And now, a word from the government, or rather, Brad Trost, who tries to get MacDiarmaid to say that *this* shutdown has been handled far more competently than the last one, as far as communication and public concern, which he — doesn’t really do, in fact. He then goes into a suspiciously technical line of questioning about negative coefficients, and manages to lose ITQ completely in the shuffle.
Moving on, Trost wonders if AECL is willing to help other countries increase their respective production of isotopes, and while MacDiarmaid agrees that they have the expertise, he reminds Trost that the priority has to be restoring Chalk River to full capacity.
Finally, Trost wants AECL to explain exactly *why* there is “absolutely no threat to the public” from Chalk River, and Pilkington obliges.
Back to the Liberals, and Alan Tonks, who wonders whether we could “ramp up” the McMaster reactor in the short term, and increase the isotope supplies that way, and MacDiarmaid explains that it’s not so much the reactor that is the issue, but transporting the material from the Toronto area to MDS Nordion in Ottawa.
Wow, that’s it for Tonks? These two minute rounds are killer. Anyway, Cheryl Gallant quizzes Pilklington on the leak detection system, eliciting a much-coveted “that’s a very good question” response. He notes that at Chalk River, leaks aren’t exactly common, but they *do* occcur; it sounds like it may be the result of a more sensitive trigger.
Back to Malo, who still doesn’t understand why we haven’t developed alternative sources for isotopes – why? WHY? – and MacDiarmaid does his best to stay polite as he explains that it isn’t AECL’s job to help its competitors, as far as the isotope business; that’s more the bailiwick of MDS Nordion. Malo is unconvinced; AECL claims it cares about the health of people, but seems to be acting out of commercial interest.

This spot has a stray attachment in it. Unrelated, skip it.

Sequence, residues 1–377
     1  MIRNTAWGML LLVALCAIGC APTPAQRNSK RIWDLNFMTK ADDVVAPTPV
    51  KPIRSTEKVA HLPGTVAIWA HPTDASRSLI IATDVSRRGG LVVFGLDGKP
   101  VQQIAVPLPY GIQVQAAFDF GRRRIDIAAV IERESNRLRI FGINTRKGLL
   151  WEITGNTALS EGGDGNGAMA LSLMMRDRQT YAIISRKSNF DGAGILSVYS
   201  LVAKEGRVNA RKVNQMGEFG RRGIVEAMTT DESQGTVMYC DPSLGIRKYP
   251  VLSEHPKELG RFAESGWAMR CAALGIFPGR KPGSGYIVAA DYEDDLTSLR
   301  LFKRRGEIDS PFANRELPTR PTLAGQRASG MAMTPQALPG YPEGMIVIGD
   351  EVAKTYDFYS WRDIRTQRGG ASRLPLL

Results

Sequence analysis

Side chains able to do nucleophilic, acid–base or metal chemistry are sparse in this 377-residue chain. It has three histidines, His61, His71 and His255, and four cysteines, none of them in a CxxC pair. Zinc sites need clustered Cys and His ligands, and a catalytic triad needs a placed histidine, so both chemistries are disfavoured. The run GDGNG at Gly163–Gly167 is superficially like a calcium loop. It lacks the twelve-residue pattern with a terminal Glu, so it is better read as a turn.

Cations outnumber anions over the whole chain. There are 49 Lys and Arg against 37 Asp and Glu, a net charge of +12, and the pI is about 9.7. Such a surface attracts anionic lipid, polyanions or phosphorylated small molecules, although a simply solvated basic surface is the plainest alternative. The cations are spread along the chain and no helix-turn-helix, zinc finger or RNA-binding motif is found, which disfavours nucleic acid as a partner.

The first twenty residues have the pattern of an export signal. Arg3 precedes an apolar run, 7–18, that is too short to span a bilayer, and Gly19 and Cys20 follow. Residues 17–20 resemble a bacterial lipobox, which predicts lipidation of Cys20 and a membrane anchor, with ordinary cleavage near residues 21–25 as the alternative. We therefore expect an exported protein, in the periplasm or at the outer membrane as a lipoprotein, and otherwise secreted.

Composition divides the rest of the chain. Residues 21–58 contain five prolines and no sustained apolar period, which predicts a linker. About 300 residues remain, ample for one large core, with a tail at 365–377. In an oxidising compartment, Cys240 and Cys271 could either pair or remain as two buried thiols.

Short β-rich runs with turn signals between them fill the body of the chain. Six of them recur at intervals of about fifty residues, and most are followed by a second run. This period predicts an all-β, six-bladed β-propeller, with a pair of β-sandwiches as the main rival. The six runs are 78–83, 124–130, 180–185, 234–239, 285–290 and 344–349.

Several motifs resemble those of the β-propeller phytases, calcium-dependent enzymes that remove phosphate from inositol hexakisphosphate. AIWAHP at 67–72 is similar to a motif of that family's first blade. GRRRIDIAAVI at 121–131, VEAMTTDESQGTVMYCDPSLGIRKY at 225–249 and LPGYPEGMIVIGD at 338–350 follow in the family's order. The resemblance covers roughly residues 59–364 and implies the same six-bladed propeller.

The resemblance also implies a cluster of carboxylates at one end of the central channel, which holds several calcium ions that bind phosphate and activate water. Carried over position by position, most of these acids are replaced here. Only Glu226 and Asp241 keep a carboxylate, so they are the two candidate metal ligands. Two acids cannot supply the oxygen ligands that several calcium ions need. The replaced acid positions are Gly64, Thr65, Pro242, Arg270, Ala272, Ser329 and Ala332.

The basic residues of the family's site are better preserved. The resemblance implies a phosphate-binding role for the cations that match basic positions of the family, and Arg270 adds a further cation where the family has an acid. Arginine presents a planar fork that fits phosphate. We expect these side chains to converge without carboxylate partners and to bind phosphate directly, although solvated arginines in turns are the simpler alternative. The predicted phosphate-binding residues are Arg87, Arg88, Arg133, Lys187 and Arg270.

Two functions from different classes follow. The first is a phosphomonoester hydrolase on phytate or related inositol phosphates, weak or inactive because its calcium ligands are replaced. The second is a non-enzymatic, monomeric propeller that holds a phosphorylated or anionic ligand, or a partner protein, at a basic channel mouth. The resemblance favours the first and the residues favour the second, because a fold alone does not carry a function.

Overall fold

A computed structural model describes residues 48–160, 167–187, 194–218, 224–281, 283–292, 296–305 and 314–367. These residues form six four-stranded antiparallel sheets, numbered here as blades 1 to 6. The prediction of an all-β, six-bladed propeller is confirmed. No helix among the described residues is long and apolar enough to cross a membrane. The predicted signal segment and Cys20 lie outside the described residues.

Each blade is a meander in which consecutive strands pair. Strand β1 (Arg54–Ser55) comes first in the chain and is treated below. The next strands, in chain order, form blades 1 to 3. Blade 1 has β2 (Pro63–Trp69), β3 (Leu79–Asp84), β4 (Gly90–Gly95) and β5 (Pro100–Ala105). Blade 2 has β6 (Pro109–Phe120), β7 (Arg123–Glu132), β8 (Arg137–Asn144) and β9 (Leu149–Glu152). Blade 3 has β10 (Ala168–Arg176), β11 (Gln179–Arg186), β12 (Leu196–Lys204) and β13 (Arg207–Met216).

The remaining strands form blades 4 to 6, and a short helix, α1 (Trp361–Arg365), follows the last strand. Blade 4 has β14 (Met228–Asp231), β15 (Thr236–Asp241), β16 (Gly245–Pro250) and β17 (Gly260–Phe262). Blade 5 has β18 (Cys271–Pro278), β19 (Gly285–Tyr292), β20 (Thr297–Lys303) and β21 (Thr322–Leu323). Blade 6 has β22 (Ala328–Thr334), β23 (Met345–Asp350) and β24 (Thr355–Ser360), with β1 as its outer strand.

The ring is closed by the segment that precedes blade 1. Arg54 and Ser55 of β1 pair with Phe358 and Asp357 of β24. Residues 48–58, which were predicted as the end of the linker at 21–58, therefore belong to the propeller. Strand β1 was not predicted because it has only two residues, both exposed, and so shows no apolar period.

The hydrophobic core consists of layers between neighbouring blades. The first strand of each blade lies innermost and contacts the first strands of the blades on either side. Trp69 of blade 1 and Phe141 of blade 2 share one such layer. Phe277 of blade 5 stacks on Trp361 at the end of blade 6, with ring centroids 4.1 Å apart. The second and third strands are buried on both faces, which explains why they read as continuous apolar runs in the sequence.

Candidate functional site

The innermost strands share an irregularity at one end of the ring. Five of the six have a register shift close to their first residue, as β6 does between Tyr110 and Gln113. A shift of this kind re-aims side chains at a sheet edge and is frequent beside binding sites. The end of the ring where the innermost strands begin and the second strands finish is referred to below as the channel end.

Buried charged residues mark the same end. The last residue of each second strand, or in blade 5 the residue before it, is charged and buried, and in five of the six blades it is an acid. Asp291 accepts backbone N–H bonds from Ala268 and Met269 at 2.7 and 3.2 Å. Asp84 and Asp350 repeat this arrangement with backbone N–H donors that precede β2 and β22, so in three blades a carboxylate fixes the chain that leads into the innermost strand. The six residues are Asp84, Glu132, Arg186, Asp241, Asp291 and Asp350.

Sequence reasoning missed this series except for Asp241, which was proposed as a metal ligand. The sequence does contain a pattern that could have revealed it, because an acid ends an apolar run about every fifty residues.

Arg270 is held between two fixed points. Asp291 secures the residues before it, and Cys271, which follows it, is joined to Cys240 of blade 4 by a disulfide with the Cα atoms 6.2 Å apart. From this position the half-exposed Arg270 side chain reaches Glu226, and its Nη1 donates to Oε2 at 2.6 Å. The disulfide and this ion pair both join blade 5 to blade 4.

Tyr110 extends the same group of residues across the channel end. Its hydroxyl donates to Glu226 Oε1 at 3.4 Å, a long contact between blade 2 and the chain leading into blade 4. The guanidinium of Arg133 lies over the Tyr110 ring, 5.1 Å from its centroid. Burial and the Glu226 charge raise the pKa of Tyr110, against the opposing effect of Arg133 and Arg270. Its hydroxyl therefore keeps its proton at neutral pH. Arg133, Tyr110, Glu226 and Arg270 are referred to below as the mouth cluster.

Mike Allen – Blue Team, if you haven’t figured out the rotation for second and subsequent rounds – wants to know whether AECL plans to conduct extensive repairs on the reactor, or just fix the problem currently keeping it offline, and Pilklington assures him that the top priority is resuming isotope production.
Oh, interesting: Nathan Cullen suggests that they call the next set of witnesses – the Canadian Nuclear Safety Commission – but keep the AECL officials here too; the Conservatives definitely don’t like that idea one bit, even though – as Cullen points out – it would simply involve adding two chairs to the table, and going from there. Benoit reminds him, somewhat snittily, that the committee invited the witnesses to appear separately, and that’s what’s going to happen. I honestly don’t understand why they’re digging their heels in on this, and neither do the opposition members. Accusations are made, the word “shutdown” is used in a non-Chalk River context, but the chair goes ahead with his plan, and dismisses the witnesses.
Two minute break, and it’s Binder Time!
We’re back – for a slightly abbreviated 50 minute session with CNSC chair Michael Binder and Peter Elder, a director general at Natural Resources. The chair welcomes the witnesses, and gives Binder the floor.
You know what? ITQ is going to implement a pilot program — a liveblog boycott of pointless opening statements that seem to be nothing more than a quick copypaste from the About Us section of the witness’ website. If Binder says anything noteworthy, I’ll let you know, but so far — oh wait, is this new nuance? He just told the committee that it isn’t the nuclear regulatory agency’s job to ensure a stable supply of isotopes; CNSC is responsible for making sure that those isotopes are being produced in a safe manner.